In a Swift move, new FBO opens at PHX
The newly completed Swift Aviation Services (SAS) FBO at Phoenix Sky Harbor International Airport (PHX) is up and running and welcoming large business jets beneath the massive canopy that covers 0.7 of an acre of ramp space near the west end of Runway 7R-25L.
At an open house early this month to formally dedicate the facility, Swift will show off its 18,654-sq-ft terminal building and three adjoining hangars offering a total of 83,320 sq ft for aircraft storage and 13,560 sq ft of office space available for lease.
The hangars are large enough to house a Boeing Business Jet. The ramp canopy features electrical power outlets in each supporting column to accommodate ground power units, which can keep aircraft cabin cooling systems running to cope with triple-digit summer temperatures. Its 28-foot-high metal canopy fully covers aircraft up to a Gulfstream IV.
According to Phil Gallegos and Lewis Kaplan of KG Architects, the FBO project’s design firm, the 175- by 180-foot (3l,500 sq ft) sheltered aircraft parking structure–the largest of its kind in the U.S.–is designed to exceed minimum code requirements for resisting uplift from winds that can reach near-hurricane force. A microburst spawned by a large thunderstorm caused considerable damage at Sky Harbor two summers ago.
Room and a View
Designed around a multi-story atrium that offers a full view of the airport, downtown Phoenix and Camelback Mountain, the terminal includes a pair of combination restroom, shower and changing suites and a 225-sq-ft business center. The multi-purpose pilot lounge and training complex provides a flight-planning room with weather information services. There, pilots can view electronic displays of real-time and forecast weather locally, nationally and worldwide. A large-screen TV and other recreational amenities beckon those pilots with no immediate need for the available nap rooms.
Swift’s resident concierge service is prepared to arrange not only rental/courtesy crew cars and lodging, but dining, entertainment and excursion reservations.
The Swift Aviation facility opened for business in March, a year after breaking ground on 19.4 acres directly west of the Cutter Aviation FBO on Sky Harbor’s southwest side. Swift and Cutter became the airport’s only two FBOs after Swift acquired Sawyer Aviation and GTA Aviation Services over the past four years.
SAS, one of three Phoenix area-based aviation operations owned by trucking magnate Jerry Moyes, was relocated from the southwest side of PHX’s north runway, 8-26, to make room for a taxiway extension. By moving, Swift gained not only considerably more ramp area and room to construct a state-of-the-art passenger terminal and office complex, but a more than 400-percent increase in hangar space available for maintenance.
A comprehensive line-service department makes available a range of fuels from the customary jet-A and 100LL avgas to mogas and diesel. Swift Aviation accepts ChevronTexaco, Air BP and AvFuel credit cards, as well as all major customer fuel contracts. Line services include ground handling equipment; aircraft washing and interior cleaning; catering with linen and dishwashing services; oxygen replenishment; and external power from both in-ground outlets and power carts.
Swift Aviation Group, the umbrella company of SAS and the launch customer for the Embraer Legacy, had accepted eight of its initial 25-airplane order as of last month.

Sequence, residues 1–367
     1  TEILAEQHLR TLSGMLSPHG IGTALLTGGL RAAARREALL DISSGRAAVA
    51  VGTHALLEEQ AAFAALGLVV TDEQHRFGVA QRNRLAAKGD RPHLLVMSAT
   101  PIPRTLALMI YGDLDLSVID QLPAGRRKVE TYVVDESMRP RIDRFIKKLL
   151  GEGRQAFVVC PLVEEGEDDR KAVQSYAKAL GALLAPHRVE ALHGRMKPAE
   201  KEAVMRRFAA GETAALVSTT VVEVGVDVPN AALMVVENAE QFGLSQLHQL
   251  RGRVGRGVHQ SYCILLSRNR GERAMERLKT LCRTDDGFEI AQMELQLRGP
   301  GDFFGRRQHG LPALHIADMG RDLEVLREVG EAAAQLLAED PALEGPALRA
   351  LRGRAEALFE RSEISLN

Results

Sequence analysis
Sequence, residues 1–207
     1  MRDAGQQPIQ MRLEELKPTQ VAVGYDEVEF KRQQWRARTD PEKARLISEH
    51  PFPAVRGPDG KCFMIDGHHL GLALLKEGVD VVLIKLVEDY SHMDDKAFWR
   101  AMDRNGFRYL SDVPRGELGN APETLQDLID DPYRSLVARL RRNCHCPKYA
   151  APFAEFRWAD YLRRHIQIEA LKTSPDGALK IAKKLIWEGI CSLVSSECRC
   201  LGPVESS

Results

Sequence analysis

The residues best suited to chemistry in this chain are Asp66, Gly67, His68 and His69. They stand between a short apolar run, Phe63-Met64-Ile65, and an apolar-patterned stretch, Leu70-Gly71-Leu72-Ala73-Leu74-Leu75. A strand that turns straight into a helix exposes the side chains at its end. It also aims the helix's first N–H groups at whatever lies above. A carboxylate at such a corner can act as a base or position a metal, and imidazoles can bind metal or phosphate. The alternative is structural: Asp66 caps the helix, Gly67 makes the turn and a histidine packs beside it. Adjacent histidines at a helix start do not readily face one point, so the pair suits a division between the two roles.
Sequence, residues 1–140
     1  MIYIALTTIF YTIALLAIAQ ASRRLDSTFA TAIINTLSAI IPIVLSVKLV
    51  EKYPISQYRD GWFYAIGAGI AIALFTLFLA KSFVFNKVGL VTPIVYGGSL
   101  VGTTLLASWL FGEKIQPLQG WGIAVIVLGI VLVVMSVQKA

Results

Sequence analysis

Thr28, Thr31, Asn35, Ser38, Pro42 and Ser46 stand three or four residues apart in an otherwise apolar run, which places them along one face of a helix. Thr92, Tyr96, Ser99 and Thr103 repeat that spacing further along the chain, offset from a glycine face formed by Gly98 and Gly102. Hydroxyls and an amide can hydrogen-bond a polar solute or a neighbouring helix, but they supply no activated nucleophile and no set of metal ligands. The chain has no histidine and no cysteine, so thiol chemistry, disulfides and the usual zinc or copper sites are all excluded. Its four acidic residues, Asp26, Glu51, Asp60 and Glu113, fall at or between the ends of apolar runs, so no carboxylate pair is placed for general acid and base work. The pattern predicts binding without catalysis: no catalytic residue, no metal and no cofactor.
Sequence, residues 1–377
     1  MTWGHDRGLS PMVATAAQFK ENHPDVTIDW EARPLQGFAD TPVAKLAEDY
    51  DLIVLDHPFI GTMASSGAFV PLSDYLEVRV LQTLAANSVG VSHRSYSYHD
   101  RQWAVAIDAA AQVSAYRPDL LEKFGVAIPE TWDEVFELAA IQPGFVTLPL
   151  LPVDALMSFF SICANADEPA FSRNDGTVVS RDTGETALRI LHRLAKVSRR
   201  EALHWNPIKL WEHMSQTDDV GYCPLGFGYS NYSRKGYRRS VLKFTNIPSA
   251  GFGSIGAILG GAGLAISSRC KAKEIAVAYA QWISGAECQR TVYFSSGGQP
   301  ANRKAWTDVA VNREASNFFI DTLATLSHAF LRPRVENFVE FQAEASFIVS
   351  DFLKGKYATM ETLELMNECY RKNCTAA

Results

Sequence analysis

Swift Aviation Group has conveyed seven of the executive version of the ERJ-135 regional airliner to end users. Five of the 13-passenger, 3,250-nm aircraft are managed and operated by Swift Air, the Part 135 charter operation that constitutes the third leg of the Swift aviation triad. Swift Aviation Group expects to take another 10 Legacies by year-end.
The Sky Harbor Swift Aviation facility meets current standards for both airside and landside security, according to Marlene Purswell, Swift’s director of customer services marketing. For employees and tenants, an internal card-access system is in place. Employees carry individually coded photo identification badges and are required to show two forms of identification bearing fingerprint and photo to enter the air operations area (AOA).
The terminal building is designed to minimize door openings, of which there are just three. Information on all entry and egress to and from the AOA is digitally transmitted to both Swift and Sky Harbor airport security offices through a fiber-optic conduit installed for airport-wide data and video communication. The Swift security guards and airport security personnel are automatically notified of any undocumented AOA entry.
Swift personnel are trained in procedures for charter and executive passenger screening and inspection. The Swift terminal contains provisions for electronic screening of passenger baggage if volume warrants. Flights calling for passenger screening have averaged five or six per month.
More Space, More Jobs
In parallel with the move and expansion, SAS has increased its contract workforce from 12 to 15 and full-time personnel to 25.
SAS is an authorized service center for the Embraer Legacy, as well as Cessna, Honeywell, Pratt & Whitney Canada and Rolls-Royce. With the move to larger quarters, SAS is adding to its FAA repair-station certificate the Citation III, VII and X. Also added to the Swift ticket are 20- and 30-series Learjets (including the 12-year “midlife” inspection authorization) and the Dassault Falcon 10, 20 and 2000.
The company holds repair-station authorization for turbine engines including the Rolls-Royce AE3007 and Honeywell CFE738. Swift recently became a line-service center for the TFE731 series and is, according to Purswell, “the storefront for Honeywell in the Southwest.”